Get in on this viral marvel and start spreading that buzz! Buzzy was made for all up and coming modern publishers & magazines!

Fb. In. Tw. Be.

Police Shooting of Korryn Gaines Has White Privilege Written All Over It

Korryn Gaines

Korryn Gaines, courtesy of Facebook.

Korryn Gaines becomes another victim and hashtag in the movement for Black Lives.

Yesterday, I reported on a case of police brutality coming out of San Francisco involving BART police. The incident occurred this past Sunday. The victim in question is said to have warranted the brutal tactics inflicted on him — wrestled to the ground and kneed in the back — because he was an alleged robber.

It was a clear case of excessive force. He was humiliated. He was physically abused. But, thankfully and luckily, he lived.

Baltimore resident Korryn Gaines wasn’t so lucky. On Monday, the 23-year-old black mother and cosmetologist was killed by Baltimore police in front of her 5-year-old son after an hours-long standoff. The names of the officers who pulled the trigger have not been released. And, as of yet, there is no video footage to corroborate the police department’s official story.

The events preceding the shooting are even more troublesome. Based on reports, at 9:20 a.m. Monday, three officers approached served Gaines an arrest warrant for minor traffic violations and misdemeanors.

The situation quickly escalated from there.

According to Vox, police claimed that:

“Gaines barricaded herself with a shotgun at an apartment. For hours, police said they tried to talk her down. But, they said, Gaines repeatedly threatened the police and aimed her gun at them. At around 3 p.m., she allegedly said, ‘If you don’t leave, I’m going to kill you.'”

What happened at that point?

One officer discharged his weapon. Gaines followed in kind. This led police to open fire on Gaines.

Related: Man Charged With Shooting Officer Basically Proves White People Are Invincible

What’s clear is that it was the officers who fired first. Equally clear is that, at the end of it all, a mother is dead and her 5-year-old son is motherless and hospitalized after being shot in the leg in the crossfire.

What follows next is the standard fare of the times and the underlining motivation behind the outrage felt and expressed and hammered home by Black people in every state of the country.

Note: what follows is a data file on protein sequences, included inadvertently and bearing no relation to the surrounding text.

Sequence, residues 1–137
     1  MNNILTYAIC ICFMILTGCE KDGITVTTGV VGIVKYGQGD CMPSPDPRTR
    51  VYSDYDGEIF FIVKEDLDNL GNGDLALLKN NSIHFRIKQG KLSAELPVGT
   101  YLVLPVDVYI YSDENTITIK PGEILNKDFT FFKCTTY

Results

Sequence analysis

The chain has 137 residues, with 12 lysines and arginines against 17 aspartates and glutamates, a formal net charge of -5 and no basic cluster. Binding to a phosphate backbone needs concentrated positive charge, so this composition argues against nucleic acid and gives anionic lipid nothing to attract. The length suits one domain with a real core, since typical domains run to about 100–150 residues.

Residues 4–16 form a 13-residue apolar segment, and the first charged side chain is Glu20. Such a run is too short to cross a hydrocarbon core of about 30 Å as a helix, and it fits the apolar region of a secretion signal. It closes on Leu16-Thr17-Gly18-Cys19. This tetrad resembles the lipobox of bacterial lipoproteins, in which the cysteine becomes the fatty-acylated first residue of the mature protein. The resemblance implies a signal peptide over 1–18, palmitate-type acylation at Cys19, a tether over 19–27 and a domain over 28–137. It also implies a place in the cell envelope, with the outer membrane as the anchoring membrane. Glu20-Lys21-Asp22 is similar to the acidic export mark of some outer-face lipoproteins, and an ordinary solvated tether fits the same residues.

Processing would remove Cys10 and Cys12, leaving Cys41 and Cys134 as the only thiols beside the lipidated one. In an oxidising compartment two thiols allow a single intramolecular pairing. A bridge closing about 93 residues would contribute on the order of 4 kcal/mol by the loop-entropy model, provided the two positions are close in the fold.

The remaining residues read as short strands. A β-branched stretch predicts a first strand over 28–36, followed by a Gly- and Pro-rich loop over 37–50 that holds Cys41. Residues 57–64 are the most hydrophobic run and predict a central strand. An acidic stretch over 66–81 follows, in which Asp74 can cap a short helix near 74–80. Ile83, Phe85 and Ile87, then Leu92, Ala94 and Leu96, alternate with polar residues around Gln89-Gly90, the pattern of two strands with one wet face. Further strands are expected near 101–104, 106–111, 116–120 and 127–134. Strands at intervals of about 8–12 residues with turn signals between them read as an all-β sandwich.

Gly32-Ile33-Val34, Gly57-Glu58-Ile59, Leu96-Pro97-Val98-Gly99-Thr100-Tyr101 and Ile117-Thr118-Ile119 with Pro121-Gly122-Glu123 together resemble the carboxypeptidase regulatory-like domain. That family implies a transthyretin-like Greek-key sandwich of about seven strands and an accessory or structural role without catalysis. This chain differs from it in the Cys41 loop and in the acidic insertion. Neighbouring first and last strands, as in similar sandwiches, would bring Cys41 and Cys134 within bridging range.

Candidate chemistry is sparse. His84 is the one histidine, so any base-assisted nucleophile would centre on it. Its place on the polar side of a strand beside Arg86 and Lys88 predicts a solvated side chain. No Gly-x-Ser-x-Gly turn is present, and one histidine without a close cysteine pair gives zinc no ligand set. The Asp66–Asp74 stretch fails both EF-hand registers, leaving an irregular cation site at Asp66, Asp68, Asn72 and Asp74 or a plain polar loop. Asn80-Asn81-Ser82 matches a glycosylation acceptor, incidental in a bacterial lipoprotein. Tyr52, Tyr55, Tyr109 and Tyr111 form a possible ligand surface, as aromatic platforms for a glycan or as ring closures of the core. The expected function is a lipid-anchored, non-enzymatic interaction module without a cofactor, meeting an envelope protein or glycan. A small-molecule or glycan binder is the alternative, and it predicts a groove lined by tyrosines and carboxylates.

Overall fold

The Baltimore Police Department will place the accused officer on administrative leave and open an investigation. BPD will rationalize away the shooting as “justifiable homicide” and say the officer’s life was threatened. Since we have no video footage of the incident to show what occurred, it’s highly unlikely the officer will be charged and prosecuted.

There will be no conviction. There will be no justice. There will be no peace.

Still, some of you will say she deserved it. Some of you will say she had no business pointing her shotgun at police. Some of you will say she should have known better than to square off with officers.

None of those reasons align with Black history, or with what the numbers tell us about the facts of the contemporary moment.

The highest percentage of suspects killed are unarmed Black people. And, the killing of Alton Sterling and Philando Castile prove that even in open-carry states like Lousiana and Minnesota Black people are still likely to be killed.

If you’re still left unconvinced by these facts, consider that white suspects, as recently as last month, have pointed guns at police officers and lived to tell the tale. I reported on one such case here, of one William Bruce Ray, who shot at officers but was apprehended by said officers without so much as one officer returning fire at him or without so much as accruing one scratch.

Imagine that.

More instances of whites surviving encounters with police after aiming their gun at them can be found here and here.

When all this information is factored in, claiming that Korryn Gaines deserved to die or should have known better is as nonsensical and hypocritical as it is cold-blooded. Such statements have white privilege written all over them.

Korryn Gaines didn’t deserve to die. She didn’t deserve to witness a squad of officers converging on her door over a warrant for petty criminal offenses. She deserved the same compassion and heartfelt attempts to help her as all the white men still standing following similar standoffs.


Antwan is an educator, cultural critic, actor, and writer for Wear Your Voice Mag (WYV), where he focuses on the dynamics of class, race, gender, politics, and pop culture. Prior to joining the team at WYV, he was an adjunct professor in the African American Studies Department at Valdosta State University in southern Georgia, where he taught African American Literature. He has traveled the U.S. and U.K. showcasing a fifty-five minute, one-person play titled Whitewash, which focuses on the state of black men in the post-civil rights era. Antwan received his B.A. in English and Literature from California State University, Dominguez Hills, and M.A. in African American Studies from University of California, Los Angeles. He is a Ronald E. McNair Scholar and NAACP theater nominee.

Post a Comment

You don't have permission to register